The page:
Small businesses might need help getting back on track when a disaster happens in Texas. This can be hard because they may still have responsibilities to vendors, customers, and suppliers. Talk to your insurance company and landlord if a disaster affects your business. You can also apply for loans and grants from agencies like the Small Business Administration and the Federal Emergency Management Agency.
Business Property Insurance
If you have casualty insurance on property and equipment used in
your business, contact your insurance company or agent as soon as possible to notify them of losses to your covered business property. Photograph or videotape the damage to your business and space where it operates and damage to your records, inventory, equipment, and any other loss.
In writing, notify the landlord as soon as possible if your leased property is damaged and your business shuts down due to a disaster. Review your lease to determine whether it terminates or if there is a provision for rent reduction during a business interruption. If your lease doesn’t provide for a temporary rent reduction, try negotiating with your landlord.
As a small business owner, you may have ongoing business obligations to vendors,
suppliers, and customers while your business operations are interrupted. Whether your obligations may be suspended or terminated depends on the terms of the contract between you and those with whom you do business. Start by reviewing the contract.
Federal Income Tax
Business owners who suffer damage or loss to their property or business due to a natural
disaster are eligible for special federal income tax provisions. These provisions fall into two categories: casualty loss deductions and deferral of casualty gains. The IRS has workbooks for businesses (Publication 584-B, Business Casualty, Disaster, and Theft Loss Workbook) to help you compile a list of your business equipment and prove the market value of items for insurance and casualty loss claims. See Disaster Assistance and Emergency Relief for Individuals and Businesses by the IRS.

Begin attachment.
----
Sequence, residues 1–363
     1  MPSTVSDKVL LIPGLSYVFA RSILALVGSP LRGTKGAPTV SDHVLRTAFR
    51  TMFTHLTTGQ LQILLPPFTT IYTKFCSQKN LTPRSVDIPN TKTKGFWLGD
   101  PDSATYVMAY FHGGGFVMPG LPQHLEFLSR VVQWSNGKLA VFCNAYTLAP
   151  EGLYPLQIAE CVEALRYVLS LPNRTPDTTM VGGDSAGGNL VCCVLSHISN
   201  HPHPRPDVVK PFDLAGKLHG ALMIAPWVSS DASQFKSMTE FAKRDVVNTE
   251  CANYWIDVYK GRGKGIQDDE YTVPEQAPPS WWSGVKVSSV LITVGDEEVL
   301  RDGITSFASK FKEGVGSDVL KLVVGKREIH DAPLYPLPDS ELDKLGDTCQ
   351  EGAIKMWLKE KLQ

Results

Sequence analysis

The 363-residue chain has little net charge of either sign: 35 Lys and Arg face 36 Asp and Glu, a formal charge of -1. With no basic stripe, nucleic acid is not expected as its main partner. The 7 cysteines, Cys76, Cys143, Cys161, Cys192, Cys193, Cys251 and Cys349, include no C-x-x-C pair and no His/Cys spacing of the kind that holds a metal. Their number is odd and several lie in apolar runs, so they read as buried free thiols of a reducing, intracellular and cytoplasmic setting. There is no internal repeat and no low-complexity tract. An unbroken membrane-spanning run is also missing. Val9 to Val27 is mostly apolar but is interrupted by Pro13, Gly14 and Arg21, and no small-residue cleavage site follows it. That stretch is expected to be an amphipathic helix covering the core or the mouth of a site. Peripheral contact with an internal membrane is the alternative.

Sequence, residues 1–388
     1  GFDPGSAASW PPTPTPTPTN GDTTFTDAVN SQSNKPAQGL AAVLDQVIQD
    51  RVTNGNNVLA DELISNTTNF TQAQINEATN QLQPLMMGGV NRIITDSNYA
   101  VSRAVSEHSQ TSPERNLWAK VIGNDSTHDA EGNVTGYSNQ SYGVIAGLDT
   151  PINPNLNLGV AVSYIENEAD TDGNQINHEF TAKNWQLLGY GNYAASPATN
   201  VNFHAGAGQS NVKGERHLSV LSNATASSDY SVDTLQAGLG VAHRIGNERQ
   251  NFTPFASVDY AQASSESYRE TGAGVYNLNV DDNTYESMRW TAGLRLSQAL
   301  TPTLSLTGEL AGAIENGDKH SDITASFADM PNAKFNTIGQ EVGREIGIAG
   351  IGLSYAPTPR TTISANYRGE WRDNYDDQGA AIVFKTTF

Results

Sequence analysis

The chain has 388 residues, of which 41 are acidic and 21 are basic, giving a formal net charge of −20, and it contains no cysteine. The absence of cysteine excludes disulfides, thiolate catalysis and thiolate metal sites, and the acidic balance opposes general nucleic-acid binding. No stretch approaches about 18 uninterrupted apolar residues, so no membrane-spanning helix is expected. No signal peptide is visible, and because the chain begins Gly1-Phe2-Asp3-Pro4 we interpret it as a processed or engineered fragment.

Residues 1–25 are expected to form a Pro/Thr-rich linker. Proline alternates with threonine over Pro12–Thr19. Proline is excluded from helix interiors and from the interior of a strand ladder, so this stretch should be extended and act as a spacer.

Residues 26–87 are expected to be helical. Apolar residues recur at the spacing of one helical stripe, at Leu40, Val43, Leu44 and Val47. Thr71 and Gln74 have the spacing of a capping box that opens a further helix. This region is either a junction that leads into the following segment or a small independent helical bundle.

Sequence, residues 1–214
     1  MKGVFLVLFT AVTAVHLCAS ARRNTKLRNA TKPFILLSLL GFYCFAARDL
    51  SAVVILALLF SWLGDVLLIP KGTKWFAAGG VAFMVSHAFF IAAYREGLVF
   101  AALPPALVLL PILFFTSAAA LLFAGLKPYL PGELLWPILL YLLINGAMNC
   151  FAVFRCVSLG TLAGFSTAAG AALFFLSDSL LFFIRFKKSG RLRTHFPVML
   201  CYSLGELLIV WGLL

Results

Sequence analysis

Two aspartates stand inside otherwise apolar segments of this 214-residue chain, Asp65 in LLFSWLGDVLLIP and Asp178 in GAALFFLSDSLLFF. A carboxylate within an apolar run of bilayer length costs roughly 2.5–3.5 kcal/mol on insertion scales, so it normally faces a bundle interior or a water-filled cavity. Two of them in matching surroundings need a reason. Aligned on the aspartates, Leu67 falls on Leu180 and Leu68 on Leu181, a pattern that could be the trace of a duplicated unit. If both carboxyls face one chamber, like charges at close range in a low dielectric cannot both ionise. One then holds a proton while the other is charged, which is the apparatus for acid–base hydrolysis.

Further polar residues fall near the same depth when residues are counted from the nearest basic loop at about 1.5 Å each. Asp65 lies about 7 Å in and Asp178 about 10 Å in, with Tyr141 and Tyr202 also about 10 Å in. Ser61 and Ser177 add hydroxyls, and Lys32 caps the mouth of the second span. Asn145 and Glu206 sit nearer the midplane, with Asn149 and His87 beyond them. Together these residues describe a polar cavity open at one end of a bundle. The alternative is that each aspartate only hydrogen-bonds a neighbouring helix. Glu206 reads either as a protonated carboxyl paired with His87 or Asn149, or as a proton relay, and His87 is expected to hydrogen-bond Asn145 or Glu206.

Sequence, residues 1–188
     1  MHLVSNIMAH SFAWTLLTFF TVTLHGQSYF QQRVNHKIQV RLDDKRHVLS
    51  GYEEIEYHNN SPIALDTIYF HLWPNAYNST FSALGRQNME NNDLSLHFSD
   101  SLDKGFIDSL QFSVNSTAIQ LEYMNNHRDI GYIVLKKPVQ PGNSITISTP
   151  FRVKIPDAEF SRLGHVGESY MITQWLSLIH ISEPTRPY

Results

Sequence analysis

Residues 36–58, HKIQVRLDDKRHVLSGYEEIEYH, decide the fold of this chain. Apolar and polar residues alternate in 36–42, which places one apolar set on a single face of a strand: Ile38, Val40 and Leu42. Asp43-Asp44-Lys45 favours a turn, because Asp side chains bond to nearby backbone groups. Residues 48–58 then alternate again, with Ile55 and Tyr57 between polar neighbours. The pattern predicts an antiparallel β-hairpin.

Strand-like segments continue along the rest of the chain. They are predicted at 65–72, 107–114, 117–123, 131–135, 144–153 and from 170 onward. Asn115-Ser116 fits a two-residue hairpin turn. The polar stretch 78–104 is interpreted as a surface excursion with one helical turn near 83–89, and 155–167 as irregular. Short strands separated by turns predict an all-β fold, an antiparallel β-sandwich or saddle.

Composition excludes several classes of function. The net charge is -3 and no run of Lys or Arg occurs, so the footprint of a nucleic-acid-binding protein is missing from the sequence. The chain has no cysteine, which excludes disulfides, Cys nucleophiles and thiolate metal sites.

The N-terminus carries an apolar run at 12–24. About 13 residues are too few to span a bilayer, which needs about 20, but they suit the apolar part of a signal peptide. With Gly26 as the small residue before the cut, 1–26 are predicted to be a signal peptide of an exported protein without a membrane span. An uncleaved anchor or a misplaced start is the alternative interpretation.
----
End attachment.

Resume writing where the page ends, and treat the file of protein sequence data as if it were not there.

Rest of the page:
Employee Pay and Health Benefits
Texas employees must receive their regularly scheduled paychecks. If the business closes and an employee is involuntarily terminated or laid off, they must receive their last paycheck within six days of the termination or layoff. A business shutdown may trigger the cancellation of employee group health insurance coverage. Employers must send notices to former employees advising them of their right to health insurance conversion under a federal law known as “COBRA.”
Federal Disaster Unemployment Assistance (DUA)
DUA is a federal program that provides financial help to those who become unemployed due to a federally declared disaster.
DUA covers the self-employed, including small business owners, owners of farms and ranches, and others not eligible for unemployment insurance. You must apply within 30 days of the date of the disaster declaration. DUA is available for up to 26 weeks. You have the right to appeal the denial of benefits. Apply at Disaster Unemployment Assistance.
You must prove self-employment by providing:
- Federal income tax form 1040,
- Schedule C, F, or SE federal income tax returns for the most recent tax year, and
- Proof of the existence of the business.
SBA Loan Abatement
Existing SBA loan payments are automatically abated for one year if the business is in
the declared disaster zones. You will get a notice directly from the lender. If your business is in a county adjacent to a declared disaster zone, apply for a nine-month abatement.
Federal Emergency Management Agency (FEMA)
Following a federal disaster declaration, business owners and residents in the affected areas can begin the disaster application process by registering online with FEMA at www.fema.gov or calling 800-621-FEMA (3362). Register with FEMA before applying with Small Business Administration (SBA). Short deadlines apply to both FEMA and SBA.
Disaster Assistance from the Small Business Administration
If you are affected by a federally-declared disaster, you may be eligible for disaster assistance from the SBA. For information and applications for SBA assistance, go to Disaster Loan Assistance. Farmers and ranchers with disaster-related losses may be eligible for assistance from the U.S. Department of Agriculture Disaster Assistance Programs.
If your business is failing as a result of disaster, business bankruptcy is one alternative. Whether bankruptcy is the right choice depends on many factors, including whether you or others may also be personally liable for business debts. Talk to a lawyer for advice on whether business bankruptcy is right for you.
This article discusses property loss claims in Texas for losses incurred from a disaster.
This article tells you about your rights as an employee during and after a disaster.
Tax deductions may be available to you after a disaster.